Posted on: Friday, February 27, 2004
Warriors outlast UCLA in five games
By Stephen Tsai
Advertiser Staff Writer
|UH's Brian Beckwith celebrates after Hawai'i tied the match against UCLA, sending it to a fifth game.
"To beat UCLA, all I can say is, 'Wow,' " said UH outside hitter Matt Bender after emerging from the 12-man group hug in the post-match celebration.
"I'm just so happy," UH opposite hitter Pedro Azenha added. "I wanted to win so bad."
An evening downpour kept attendance to 4,365, but that did not douse the enthusiasm in this battle of long-time rivals.
This was the first time these teams entered a match Nos. 1 and 2 since the 1996 NCAA championship, won by UCLA in five games. The Bruins have won 18 national titles under head coach Al Scates.
Minutes after Azenha finished off aloha ball with a shot that trickled between a double block and the net, Bender announced: "There are few things sweeter than beating UCLA. Winning a million dollars in the lottery could be one thing, but there aren't many more. It's good to beat UCLA. But the best part is we beat the UCLA mystique."
But not all feel-good stories have happy beginnings, and the Warriors struggled early to pass the Bruins' sizzling jump serves.
"I think we were trying to pass too well, trying to get the ball too close to the net," UH middle blocker Joshua Stanhiser said. "That resulted in a lot of passes on top of the net and a lot of overpasses. That was kind of hurting us."
So, too, was the Bruins' pick-a-poison offense. The Bruins found points on quick sets to the middles and from blasts behind the 3-meter line.
The Bruins won two of the first three games. But the crowd was energized first by Alan Hackbarth, the self-styled "Rubberband Man" who performed his elastic dance moves during timeouts, and then by the power hitting of Azenha, left-side hitter Delano Thomas and outside hitter Josˇ Josˇ Delgado.
"When we were down two games to one, we said, 'Look, we can win this (fourth) game,' " Stanhiser recalled. "All we had to do was play hard and play well. We stepped it up."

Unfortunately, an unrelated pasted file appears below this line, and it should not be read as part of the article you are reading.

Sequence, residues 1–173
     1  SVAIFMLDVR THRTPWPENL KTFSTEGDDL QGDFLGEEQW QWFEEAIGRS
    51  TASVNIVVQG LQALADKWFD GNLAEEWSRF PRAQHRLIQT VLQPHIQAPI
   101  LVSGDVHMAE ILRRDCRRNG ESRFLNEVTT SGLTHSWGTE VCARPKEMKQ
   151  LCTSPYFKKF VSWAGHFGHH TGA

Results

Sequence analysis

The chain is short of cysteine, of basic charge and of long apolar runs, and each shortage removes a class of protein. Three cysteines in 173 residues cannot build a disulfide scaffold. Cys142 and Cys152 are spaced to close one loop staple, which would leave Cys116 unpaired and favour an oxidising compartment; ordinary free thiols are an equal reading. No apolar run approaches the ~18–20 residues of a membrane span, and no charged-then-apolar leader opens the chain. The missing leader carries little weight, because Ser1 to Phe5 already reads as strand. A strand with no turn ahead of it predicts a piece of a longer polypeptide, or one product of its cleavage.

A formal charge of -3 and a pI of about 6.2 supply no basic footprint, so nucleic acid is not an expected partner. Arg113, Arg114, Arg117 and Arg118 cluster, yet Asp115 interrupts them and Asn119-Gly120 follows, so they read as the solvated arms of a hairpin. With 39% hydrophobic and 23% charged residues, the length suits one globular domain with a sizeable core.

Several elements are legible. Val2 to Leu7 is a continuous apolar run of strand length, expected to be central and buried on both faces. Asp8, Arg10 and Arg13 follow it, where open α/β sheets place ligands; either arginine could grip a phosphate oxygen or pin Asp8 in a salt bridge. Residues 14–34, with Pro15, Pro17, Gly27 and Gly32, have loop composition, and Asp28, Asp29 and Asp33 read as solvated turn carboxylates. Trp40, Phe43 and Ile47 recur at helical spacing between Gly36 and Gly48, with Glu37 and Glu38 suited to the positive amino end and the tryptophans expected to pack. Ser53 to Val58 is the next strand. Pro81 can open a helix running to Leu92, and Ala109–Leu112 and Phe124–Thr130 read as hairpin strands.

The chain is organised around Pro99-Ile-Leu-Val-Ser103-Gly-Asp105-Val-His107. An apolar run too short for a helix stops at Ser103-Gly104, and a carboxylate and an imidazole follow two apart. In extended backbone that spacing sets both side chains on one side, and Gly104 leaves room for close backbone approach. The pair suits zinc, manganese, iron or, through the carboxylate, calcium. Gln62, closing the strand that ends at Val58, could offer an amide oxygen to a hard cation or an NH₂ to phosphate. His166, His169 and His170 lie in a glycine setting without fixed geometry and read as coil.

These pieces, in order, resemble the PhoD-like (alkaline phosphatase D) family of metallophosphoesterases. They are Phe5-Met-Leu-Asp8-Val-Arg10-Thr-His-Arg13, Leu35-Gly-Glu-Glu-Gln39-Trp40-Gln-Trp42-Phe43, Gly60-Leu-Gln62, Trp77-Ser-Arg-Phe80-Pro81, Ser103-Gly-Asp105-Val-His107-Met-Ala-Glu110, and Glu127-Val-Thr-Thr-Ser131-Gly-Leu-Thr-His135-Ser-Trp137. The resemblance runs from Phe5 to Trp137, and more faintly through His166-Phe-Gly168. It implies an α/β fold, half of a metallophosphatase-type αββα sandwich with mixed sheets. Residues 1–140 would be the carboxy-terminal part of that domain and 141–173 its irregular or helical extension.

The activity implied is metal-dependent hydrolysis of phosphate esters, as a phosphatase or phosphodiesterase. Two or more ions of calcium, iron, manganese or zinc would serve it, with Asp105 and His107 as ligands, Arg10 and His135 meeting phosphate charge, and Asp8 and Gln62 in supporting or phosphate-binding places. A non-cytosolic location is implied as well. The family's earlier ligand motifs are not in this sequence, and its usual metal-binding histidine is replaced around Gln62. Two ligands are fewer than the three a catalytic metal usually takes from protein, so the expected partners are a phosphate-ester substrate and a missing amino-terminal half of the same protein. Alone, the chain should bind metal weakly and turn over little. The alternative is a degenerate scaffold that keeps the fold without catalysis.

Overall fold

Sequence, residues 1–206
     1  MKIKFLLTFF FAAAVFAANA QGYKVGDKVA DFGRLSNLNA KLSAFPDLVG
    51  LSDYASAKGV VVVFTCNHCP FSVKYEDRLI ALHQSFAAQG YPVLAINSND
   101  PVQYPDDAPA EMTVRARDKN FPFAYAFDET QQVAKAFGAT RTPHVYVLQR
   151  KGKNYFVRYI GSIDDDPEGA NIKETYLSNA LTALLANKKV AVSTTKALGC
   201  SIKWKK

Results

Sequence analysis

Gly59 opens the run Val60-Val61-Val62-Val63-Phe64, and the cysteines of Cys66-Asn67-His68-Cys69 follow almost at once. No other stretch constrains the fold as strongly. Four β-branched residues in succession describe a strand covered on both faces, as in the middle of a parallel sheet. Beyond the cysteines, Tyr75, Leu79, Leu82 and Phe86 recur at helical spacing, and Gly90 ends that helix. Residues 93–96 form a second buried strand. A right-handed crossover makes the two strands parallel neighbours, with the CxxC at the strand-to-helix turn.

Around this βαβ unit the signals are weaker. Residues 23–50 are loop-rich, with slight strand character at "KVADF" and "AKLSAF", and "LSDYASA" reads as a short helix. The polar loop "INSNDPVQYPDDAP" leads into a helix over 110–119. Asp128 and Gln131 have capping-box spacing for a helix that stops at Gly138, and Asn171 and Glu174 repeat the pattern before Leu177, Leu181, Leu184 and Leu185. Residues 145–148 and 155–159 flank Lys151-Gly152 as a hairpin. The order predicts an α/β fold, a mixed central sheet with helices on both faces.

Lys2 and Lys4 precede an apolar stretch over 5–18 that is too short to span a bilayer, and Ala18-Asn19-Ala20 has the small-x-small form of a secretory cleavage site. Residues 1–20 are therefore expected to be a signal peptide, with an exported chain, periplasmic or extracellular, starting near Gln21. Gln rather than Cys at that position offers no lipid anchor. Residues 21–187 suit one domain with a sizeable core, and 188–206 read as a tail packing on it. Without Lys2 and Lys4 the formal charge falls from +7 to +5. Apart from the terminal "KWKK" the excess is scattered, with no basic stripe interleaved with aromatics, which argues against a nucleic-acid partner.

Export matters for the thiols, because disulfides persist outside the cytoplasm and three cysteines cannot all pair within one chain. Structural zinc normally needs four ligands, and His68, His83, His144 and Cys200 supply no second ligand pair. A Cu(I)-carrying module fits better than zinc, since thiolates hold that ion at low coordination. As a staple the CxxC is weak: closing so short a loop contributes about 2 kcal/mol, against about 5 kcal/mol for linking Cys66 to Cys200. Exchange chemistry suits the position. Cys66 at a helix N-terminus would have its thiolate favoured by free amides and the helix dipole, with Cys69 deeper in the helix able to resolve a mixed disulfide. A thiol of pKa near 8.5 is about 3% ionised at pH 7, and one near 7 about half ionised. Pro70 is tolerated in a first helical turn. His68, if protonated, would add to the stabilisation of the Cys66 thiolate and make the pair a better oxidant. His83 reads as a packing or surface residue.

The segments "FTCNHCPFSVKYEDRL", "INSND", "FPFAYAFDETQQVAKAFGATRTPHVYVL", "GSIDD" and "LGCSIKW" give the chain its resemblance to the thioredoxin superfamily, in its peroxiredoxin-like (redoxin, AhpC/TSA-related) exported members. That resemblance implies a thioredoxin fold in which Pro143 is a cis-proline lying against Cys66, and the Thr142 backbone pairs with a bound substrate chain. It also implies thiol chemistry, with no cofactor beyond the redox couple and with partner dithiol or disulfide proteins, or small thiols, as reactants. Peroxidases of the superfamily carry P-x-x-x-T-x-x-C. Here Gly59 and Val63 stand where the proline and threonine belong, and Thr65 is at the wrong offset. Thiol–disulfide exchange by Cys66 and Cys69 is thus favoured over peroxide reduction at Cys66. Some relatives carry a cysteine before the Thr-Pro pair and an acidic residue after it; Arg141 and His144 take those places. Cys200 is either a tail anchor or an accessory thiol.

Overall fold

The Warriors broke away in Game 4, thanks to Delgado's angle shots. Then Azenha, a 6-foot-7 opposite hitter, took over, tooling a shot off a double-block for a 29-26 lead and finishing off the game with an ace that dipped in front of libero Adam Shrader.
The Warriors led 6-4 in the first-to-15 final game, but consecutive rotation errors on UH enabled the Bruins to tie it at 6.
It was 7-all before UH scored four unanswered points to take control. The Warriors went ahead 8-7 when Damien Scott, who was a receiver on the Bruins football team in the fall, served long.
Then Thomas rejected Marcin Jagoba. Azenha followed by serving an ace and then scoring off a roll shot over a double block.
Azenha finished with a match-high 24 kills, scoring three of the final four points.
"Everything worked out good," Azenha said.
The Bruins, who entered as the nation's most accurate hitters, felt otherwise. They committed 29 hitting errors and hit an ordinary .292. Their best hitter, freshman Steve Klosterman, was pulled in Game 2 after committing more errors (seven) than kills (six).
"They played well, but we gave them a couple of games," UCLA quick hitter Chris Pena said. "We definitely could have done a whole lot better. ... It's a tough one to swallow. I don't plan on swallowing any more of these things. ... We definitely gave them a few points on a silver platter in the second and fourth games. That can't happen again, and it won't happen again."
As UCLA's Scates walked toward his car in the wet parking lot, he struggled for answers as to how this one slipped away.
"I would say they played well at the end," Scates said. "They served tough and they hit well. That was the difference. ... I have to look at the tape (of the match) and figure some new things out, go to Plan B."
Thomas contributed 21 kills for the Warriors, who improved to 11-2 overall and 8-1 in the Mountain Pacific Sports Federation.
The Bruins fell to 12-3 and 7-3.
Quick hitter Paul Johnson led UCLA with 16 kills.
The rematch is tomorrow night.
Reach Stephen Tsai at email@example.com or 525-8051.